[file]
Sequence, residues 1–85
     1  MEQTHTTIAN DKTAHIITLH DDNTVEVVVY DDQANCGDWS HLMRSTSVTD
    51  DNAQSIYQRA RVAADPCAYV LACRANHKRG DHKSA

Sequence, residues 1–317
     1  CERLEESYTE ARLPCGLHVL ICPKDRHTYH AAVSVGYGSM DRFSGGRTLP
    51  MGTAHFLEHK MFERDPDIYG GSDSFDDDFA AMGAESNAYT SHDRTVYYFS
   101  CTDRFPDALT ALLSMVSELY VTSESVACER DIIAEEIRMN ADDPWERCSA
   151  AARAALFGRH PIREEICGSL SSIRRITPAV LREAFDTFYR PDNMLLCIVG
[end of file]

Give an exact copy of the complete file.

Sequence, residues 1–85
     1  MEQTHTTIAN DKTAHIITLH DDNTVEVVVY DDQANCGDWS HLMRSTSVTD
    51  DNAQSIYQRA RVAADPCAYV LACRANHKRG DHKSA

Sequence, residues 1–317
     1  CERLEESYTE ARLPCGLHVL ICPKDRHTYH AAVSVGYGSM DRFSGGRTLP
    51  MGTAHFLEHK MFERDPDIYG GSDSFDDDFA AMGAESNAYT SHDRTVYYFS
   101  CTDRFPDALT ALLSMVSELY VTSESVACER DIIAEEIRMN ADDPWERCSA
   151  AARAALFGRH PIREEICGSL SSIRRITPAV LREAFDTFYR PDNMLLCIVG